PARIS (Reuters Breakingviews) - Sometimes the rule of law produces unlikely heroes. Take, for instance, the way pornographer Larry Flynt became a cause célèbre for freedom of speech in the United States. Or how a British court helped make Max Mosley, the son of a 1930s British fascist leader who was filmed in a sadomasochistic orgy, a poster child for privacy rights.
While both Flynt and Mosley represent values probably found reprehensible by many in society, they were allowed their day in court. And the outcomes of their trials established precedents that arguably strengthened legal protections that serve to benefit the community at large.
It is in this context that the imprisonment of Carlos Ghosn in Japan should perhaps be considered. The wealthy former boss of carmakers Nissan and Renault is not the first name that springs to mind when discussing human rights. After all, this is the dude who threw a Marie Antoinette-themed party at the Palace of Versailles to celebrate his marriage and his new wife’s 50th birthday.
But Ghosn’s lawyers and family are making a renewed pitch to have him acquitted of various criminal charges, which he denies, in Japan. And they are arguing that prosecutors committed violations and infractions of the International Covenant on Civil and Political Rights (ICCPR), which Japan signed in 1979. As hard as it may be to imagine Ghosn as a martyr for the downtrodden, the case has some merit.
Without rehashing all the developments since Ghosn was arrested after his plane landed at Haneda Airport in Tokyo last November, and then paraded before cameras to prison, there are two things at this stage that are hard to dispute. One is that Ghosn has been treated with disproportionate severity for the white-collar crimes he stands accused of, at least relative to the standards of European and American justice.
Second is that Ghosn, a citizen of France, Lebanon and Brazil, seems to have been treated more harshly than other Japanese executives accused of similar misdeeds. Look no further than the way his underling at Nissan, former Chief Executive Hiroto Saikawa, seems to have been permitted to make his case to the board and resign after an internal investigation found he had received improper compensation. Nor will Saikawa be charged over Ghosn’s payments, Kyodo News reported, even though he admitted to signing some of the company documents in question, according to the Japanese news agency.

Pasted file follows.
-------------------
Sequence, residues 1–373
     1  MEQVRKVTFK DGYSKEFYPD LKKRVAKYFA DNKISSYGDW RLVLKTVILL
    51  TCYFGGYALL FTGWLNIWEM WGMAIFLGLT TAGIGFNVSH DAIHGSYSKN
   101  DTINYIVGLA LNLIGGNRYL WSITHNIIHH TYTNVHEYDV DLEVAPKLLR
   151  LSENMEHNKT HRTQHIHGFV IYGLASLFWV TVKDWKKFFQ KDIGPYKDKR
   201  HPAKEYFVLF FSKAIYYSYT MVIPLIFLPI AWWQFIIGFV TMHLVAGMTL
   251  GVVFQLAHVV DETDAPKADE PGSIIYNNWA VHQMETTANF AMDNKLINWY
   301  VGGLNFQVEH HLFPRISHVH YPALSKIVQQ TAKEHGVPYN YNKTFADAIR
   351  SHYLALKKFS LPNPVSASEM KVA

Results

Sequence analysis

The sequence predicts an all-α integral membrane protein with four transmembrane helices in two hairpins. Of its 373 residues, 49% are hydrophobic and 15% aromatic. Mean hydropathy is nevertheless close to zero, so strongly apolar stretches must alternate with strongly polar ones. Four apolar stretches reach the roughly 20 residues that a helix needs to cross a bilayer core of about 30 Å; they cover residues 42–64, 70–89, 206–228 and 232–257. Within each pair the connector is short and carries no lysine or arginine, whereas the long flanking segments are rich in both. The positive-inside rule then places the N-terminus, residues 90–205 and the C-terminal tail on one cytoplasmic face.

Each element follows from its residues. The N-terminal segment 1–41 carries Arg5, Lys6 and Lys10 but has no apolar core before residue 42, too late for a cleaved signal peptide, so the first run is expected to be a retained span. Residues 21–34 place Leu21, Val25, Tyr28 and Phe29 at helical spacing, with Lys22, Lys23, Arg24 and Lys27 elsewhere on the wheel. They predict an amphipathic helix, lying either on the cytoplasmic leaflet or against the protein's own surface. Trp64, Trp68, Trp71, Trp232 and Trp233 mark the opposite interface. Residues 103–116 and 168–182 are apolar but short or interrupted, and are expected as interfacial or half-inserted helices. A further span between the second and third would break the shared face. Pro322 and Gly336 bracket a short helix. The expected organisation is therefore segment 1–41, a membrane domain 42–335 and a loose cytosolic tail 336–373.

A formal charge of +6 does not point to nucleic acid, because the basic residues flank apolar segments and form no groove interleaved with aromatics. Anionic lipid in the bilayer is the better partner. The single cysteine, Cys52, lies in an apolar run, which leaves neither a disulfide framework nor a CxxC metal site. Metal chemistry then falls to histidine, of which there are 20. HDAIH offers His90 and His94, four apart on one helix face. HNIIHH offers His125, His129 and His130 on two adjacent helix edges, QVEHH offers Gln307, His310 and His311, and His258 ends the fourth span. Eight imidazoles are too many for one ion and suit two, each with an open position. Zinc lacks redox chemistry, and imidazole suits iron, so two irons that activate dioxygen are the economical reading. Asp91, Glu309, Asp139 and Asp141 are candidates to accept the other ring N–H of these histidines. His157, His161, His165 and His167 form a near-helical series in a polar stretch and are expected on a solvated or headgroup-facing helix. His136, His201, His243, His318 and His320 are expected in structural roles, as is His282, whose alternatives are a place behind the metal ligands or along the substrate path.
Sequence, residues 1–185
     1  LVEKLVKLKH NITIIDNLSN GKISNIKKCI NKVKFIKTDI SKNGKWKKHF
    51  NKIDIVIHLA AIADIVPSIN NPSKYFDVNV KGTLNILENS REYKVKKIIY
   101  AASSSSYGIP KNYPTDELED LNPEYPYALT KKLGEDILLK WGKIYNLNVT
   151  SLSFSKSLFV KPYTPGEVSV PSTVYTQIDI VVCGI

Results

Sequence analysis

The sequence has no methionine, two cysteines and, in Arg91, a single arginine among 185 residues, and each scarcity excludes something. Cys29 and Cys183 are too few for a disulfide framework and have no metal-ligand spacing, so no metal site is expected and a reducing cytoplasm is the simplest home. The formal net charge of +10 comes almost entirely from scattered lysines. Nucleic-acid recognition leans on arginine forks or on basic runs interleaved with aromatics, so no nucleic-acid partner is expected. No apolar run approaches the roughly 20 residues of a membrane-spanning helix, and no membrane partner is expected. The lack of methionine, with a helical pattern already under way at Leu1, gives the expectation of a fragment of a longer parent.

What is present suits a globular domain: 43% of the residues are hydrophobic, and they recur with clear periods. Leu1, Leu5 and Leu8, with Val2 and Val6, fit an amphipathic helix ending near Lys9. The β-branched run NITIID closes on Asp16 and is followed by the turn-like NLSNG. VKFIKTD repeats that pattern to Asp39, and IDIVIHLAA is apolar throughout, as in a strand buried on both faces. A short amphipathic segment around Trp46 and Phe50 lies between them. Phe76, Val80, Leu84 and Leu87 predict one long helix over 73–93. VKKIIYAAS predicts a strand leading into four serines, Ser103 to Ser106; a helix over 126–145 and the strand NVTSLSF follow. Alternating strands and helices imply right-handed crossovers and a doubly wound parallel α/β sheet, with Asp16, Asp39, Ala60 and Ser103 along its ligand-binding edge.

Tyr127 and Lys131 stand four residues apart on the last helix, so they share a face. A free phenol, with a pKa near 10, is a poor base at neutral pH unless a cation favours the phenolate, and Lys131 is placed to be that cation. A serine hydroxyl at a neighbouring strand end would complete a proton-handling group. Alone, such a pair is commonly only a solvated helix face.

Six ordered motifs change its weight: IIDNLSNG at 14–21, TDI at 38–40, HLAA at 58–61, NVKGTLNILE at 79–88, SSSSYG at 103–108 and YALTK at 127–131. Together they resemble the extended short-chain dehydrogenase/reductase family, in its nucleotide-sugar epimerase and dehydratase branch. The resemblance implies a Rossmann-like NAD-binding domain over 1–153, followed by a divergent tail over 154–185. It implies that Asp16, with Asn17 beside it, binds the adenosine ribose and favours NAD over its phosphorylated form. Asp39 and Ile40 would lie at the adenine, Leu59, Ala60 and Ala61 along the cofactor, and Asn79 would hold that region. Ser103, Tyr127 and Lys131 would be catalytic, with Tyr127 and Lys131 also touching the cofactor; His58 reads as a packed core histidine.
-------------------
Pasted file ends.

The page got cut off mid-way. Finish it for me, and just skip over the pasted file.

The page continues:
That apparent double standard has given renewed energy to the ambitions of Ghosn’s lawyers and family to call attention to the plight of the man who remains effectively under house arrest in Tokyo, still under constant surveillance and unable to speak to his wife. Whether the contrast with Saikawa’s up-to-now relatively amenable treatment will help Ghosn is unclear, though. For starters, Ghosn was in charge, so the Japanese executive, who admitted to an overpayment of around $440,000 as he stepped down, might argue he was just following the leader. It’s also possible that prosecutors cut Saikawa some slack in return for his cooperation in setting the trap for Ghosn’s arrest.
Which leaves the question of whether Ghosn has simply been treated unfairly. The standard response to this is that Japan is different, and though the way it treats accused prisoners may sound medieval to European or American ears, it’s just the way the system works.
It’s also true that something seems to be working in Japan, where crimes of all kinds are rare. It has, for instance, the lowest intentional homicide rate in the world, at 0.2 per 100,000 people in 2017, according to World Bank statistics. And the percentage of its population in prison is less than a tenth the rate found in the United States.